“A total of 846 confirmed cases have been reported for novel coronavirus (2019-nCoV) globally; of the 846 cases reported, 830 cases were reported from China. . . One confirmed case in Vietnam had no travel history to any part of China but was a family member of a confirmed case who visited Wuhan. This suggests an instance of human to human transmission that occurred in Vietnam. . . New epidemiological information reinforces the evidence that the 2019-nCoV can be transmitted from one individual to another. . . The strategic objectives of the response are to interrupt the transmission of the virus from one person to another in China, to prevent exportation of cases from China to other countries and territories, and to prevent further transmission from exported case if they were to happen.”. . . At this point, there is still the one case in the United States. In the way of “preparedness and response,”. . . “• WHO has published an updated advice for international traffic in relation to the outbreak of the novel coronavirus 2019-nCoV; • WHO has been in regular and direct contact with Chinese as well as Japanese, Korean and Thai authorities since the reporting of these cases. The three countries have shared information with WHO under the International Health Regulations. WHO is also informing other countries about the situation and providing support as requested.” In China, “As of 23 January, the National Health Commission revised protection standards and specifications for medical workers and strengthened prevention and control measures against 2019-nCoV in hospitals” (WHO, “Situation Report- 4,” 01-24-2020).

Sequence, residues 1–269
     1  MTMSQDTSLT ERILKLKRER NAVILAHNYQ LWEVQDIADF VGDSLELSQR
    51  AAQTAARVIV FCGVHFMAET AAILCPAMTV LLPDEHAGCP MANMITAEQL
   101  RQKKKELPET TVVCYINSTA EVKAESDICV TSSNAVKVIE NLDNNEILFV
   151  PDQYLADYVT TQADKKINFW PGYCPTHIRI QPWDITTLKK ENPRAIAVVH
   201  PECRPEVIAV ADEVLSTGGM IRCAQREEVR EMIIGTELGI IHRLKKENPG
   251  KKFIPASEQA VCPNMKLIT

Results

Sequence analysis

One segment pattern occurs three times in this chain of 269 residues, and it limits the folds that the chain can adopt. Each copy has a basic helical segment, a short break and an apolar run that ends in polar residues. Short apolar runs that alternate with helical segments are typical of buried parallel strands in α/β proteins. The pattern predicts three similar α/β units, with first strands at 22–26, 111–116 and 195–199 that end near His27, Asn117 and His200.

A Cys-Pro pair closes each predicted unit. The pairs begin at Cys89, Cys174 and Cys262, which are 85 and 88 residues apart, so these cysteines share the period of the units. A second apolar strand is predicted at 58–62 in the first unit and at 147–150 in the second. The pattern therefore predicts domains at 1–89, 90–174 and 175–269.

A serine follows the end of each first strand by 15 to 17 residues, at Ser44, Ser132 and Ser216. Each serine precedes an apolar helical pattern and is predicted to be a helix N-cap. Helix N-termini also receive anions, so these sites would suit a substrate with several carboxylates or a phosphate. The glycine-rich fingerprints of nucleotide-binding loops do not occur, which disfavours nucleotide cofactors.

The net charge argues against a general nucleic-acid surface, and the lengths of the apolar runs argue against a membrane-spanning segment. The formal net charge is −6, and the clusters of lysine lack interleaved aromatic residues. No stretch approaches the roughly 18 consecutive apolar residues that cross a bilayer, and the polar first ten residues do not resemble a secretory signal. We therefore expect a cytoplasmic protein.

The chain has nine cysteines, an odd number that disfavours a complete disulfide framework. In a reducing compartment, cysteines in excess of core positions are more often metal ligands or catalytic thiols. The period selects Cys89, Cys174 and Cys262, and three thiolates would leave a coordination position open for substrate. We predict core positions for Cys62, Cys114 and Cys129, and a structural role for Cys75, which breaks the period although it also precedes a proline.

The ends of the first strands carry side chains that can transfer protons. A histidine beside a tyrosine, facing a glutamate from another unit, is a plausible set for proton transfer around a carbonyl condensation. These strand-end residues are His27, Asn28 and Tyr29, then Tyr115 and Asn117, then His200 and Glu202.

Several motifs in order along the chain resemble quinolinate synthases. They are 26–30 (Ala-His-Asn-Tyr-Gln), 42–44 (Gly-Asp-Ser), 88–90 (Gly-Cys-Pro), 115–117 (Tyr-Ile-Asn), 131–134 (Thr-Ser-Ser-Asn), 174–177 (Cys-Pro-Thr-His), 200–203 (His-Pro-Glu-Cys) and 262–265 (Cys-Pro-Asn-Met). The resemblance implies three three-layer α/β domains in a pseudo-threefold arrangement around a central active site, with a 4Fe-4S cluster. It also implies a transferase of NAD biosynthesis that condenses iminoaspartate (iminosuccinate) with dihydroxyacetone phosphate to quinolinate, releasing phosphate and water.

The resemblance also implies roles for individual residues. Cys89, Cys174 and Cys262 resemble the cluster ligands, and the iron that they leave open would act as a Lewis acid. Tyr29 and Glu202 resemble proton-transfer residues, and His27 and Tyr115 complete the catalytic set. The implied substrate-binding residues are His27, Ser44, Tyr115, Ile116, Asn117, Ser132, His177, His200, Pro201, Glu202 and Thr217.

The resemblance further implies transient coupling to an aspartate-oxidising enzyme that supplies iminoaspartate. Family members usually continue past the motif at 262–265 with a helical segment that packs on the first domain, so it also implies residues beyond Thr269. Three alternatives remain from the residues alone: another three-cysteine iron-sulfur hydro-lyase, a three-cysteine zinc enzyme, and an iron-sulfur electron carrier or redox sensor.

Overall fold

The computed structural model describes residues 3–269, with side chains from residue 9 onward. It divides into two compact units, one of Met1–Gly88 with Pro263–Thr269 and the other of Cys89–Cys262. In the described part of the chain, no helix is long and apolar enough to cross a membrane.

World Health Organization. “Novel Coronavirus (2019-nCoV) Situation Report – 1 (January 21, 2020). Accessed April 2, 2020. https://www.who.int/docs/default-source/coronaviruse/situation-reports/20200121-sitrep-1-2019-ncov.pdf?sfvrsn=20a99c10_4.
World Health Organization. “Novel Coronavirus (2019-nCoV) Situation Report – 2 (January 22, 2020). Accessed April 2, 2020. https://www.who.int/docs/default-source/coronaviruse/situation-reports/20200122-sitrep-2-2019-ncov.pdf?sfvrsn=4d5bcbca_2.
World Health Organization. “Novel Coronavirus (2019-nCoV) SITUATION REPORT – 3 (January 23, 2020). Accessed April 2, 2020. https://www.who.int/docs/default-source/coronaviruse/situation-reports/20200123-sitrep-3-2019-ncov.pdf?sfvrsn=d6d23643_8.
World Health Organization. “Novel Coronavirus (2019-nCoV) SITUATION REPORT – 4 (January 24, 2020). Accessed April 2, 2020. https://www.who.int/docs/default-source/coronaviruse/situation-reports/20200124-sitrep-4-2019-ncov.pdf?sfvrsn=9272d086_8.
World Health Organization. “Novel Coronavirus – China: Disease outbreak news : Update” (January 12, 2020). Accessed April 3, 2020. https://www.who.int/csr/don/12-january-2020-novel-coronavirus-china/en/.
Wuhan City Health Committee. “Wuhan Municipal Health and Health Commission’s Briefing on the Current Pneumonia Epidemic Situation in Our City” (12-31-2019). Translated by Google. Accessed April 3, 2020. http://wjw.wuhan.gov.cn/front/web/showDetail/2019123108989.